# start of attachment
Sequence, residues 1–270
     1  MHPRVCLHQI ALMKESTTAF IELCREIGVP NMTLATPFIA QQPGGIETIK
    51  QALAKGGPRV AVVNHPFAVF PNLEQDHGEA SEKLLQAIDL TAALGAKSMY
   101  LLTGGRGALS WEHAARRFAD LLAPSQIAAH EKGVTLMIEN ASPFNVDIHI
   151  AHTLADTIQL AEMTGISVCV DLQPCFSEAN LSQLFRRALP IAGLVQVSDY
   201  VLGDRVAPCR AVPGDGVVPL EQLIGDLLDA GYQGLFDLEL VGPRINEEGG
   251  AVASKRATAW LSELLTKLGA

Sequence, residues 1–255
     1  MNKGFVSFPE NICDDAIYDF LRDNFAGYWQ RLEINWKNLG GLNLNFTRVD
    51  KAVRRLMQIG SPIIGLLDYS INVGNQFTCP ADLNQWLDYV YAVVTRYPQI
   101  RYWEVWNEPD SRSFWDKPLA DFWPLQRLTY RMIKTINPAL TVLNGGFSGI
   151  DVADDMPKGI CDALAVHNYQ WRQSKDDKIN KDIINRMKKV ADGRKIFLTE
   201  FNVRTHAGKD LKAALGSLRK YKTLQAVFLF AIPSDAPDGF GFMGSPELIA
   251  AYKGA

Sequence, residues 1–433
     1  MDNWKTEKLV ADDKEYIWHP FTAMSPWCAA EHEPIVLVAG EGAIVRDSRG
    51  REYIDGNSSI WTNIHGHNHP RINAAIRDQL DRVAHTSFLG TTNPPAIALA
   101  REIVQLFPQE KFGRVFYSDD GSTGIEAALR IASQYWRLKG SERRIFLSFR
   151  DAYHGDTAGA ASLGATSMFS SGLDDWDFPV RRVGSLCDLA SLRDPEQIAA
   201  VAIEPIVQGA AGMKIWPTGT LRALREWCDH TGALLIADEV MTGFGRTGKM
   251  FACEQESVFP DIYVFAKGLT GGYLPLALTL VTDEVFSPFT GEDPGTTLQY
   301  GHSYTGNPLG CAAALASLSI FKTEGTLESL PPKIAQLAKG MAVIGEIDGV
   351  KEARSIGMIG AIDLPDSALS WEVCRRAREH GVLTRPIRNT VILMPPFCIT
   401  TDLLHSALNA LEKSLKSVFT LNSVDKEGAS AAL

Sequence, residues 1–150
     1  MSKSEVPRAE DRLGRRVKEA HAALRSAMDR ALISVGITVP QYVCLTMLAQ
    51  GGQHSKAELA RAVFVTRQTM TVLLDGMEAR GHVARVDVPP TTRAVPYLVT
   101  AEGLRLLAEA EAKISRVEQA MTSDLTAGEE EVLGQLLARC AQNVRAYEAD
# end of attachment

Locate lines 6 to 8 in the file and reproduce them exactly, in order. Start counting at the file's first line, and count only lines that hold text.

   201  VLGDRVAPCR AVPGDGVVPL EQLIGDLLDA GYQGLFDLEL VGPRINEEGG
   251  AVASKRATAW LSELLTKLGA

Sequence, residues 1–255